In late July, a few days after visiting Iraq, US Deputy Defense Secretary Paul Wolfowitz told the Murdoch-owned Fox News Sunday that the Al Jazeera and Al Arabiya television networks were “falsely reporting” events in Iraq and “endangering the lives of American troops”.
The provocative and unsubstantiated comments accused the Arab-language broadcasters of “spread[ing] hatred and violence” and “slanting news” in favour of former Iraqi President Saddam Hussein. Wolfowitz falsely claimed that the networks were “government sponsored” and ominously declared that the US government was “talking” to the station owners about their Iraq reportage.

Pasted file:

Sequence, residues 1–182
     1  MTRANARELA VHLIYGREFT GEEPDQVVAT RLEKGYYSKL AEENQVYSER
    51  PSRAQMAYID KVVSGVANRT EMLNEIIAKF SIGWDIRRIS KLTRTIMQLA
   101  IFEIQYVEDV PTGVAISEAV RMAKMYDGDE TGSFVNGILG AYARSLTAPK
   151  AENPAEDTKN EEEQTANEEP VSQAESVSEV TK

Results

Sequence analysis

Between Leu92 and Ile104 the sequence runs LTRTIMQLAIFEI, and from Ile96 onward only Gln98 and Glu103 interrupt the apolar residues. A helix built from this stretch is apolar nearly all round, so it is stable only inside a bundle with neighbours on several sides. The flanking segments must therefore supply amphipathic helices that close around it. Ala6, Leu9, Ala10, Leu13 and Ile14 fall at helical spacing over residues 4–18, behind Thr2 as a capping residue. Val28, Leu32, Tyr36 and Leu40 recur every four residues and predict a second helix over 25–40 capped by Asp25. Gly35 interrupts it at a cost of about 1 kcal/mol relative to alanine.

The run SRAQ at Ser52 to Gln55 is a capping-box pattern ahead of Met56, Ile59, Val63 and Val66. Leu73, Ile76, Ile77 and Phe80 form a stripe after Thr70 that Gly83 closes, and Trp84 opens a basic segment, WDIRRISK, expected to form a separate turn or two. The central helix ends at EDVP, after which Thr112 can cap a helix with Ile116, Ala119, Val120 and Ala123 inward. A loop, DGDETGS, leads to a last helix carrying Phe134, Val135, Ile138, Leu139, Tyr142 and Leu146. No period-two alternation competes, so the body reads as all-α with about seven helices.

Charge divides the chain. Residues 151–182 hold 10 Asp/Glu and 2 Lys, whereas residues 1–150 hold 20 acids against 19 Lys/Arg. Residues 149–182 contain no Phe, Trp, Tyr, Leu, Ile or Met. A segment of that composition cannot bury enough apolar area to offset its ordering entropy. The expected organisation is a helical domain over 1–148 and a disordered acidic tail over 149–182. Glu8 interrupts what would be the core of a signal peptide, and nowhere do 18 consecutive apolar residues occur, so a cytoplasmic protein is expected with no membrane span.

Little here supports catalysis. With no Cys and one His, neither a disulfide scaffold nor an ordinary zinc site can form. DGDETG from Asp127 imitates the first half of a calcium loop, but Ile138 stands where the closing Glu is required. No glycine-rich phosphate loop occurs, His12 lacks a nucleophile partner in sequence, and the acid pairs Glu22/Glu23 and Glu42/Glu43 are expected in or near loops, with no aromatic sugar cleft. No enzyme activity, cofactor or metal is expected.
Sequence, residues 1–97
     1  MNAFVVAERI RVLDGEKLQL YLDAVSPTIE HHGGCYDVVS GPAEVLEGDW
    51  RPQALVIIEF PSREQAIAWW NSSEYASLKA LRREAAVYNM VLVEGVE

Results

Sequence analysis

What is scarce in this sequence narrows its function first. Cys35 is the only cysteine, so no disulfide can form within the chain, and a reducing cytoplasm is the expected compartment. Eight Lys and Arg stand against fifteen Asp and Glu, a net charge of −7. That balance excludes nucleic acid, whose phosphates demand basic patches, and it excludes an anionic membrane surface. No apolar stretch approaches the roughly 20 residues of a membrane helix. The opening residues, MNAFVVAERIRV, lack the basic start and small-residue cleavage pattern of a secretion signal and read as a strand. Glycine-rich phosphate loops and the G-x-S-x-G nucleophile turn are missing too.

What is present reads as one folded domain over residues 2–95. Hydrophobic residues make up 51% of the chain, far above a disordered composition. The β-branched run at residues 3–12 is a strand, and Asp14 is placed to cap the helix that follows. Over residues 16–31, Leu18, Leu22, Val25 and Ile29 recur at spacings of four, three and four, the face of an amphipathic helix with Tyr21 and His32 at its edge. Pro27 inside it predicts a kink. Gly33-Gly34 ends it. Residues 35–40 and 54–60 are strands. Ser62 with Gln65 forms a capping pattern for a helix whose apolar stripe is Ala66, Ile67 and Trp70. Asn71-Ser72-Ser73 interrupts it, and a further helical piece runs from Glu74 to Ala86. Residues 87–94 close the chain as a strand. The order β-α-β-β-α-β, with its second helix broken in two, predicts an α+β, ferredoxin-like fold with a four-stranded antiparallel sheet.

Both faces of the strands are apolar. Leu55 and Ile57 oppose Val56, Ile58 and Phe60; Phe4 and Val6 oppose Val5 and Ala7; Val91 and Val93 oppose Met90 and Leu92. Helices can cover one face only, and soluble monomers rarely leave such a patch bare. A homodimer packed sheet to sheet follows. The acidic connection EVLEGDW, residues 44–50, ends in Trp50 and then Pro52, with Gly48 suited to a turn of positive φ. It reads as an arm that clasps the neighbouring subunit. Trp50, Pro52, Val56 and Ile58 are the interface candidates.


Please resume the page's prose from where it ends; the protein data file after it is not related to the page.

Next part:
The Qatar-based Al Jazeera, the most popular television station in the Middle East with 35 million viewers, has been a particular target of the Bush administration since the network televised reports critical of the US military attack on Afghanistan in 2001. It has been denounced by the US government and media, its offices bombed by US forces in Iraq and Afghanistan and some of its journalists killed or arrested by American troops.
Wolfowitz’s latest allegations and threats are part of an intensifying US campaign to intimidate or silence any independent or critical news coverage of the illegal US-led occupation of Iraq.
Al Arabiya rejected Wolfowitz’s accusations as “pure slander” and said US troops were not liberators but an “occupying force”. Wadah Khanfar, Al Jazeera’s bureau chief in Baghdad, wrote to Paul Bremer, the US proconsul in Iraq, demanding an apology from Wolfowitz. He made clear that the network would not be intimidated.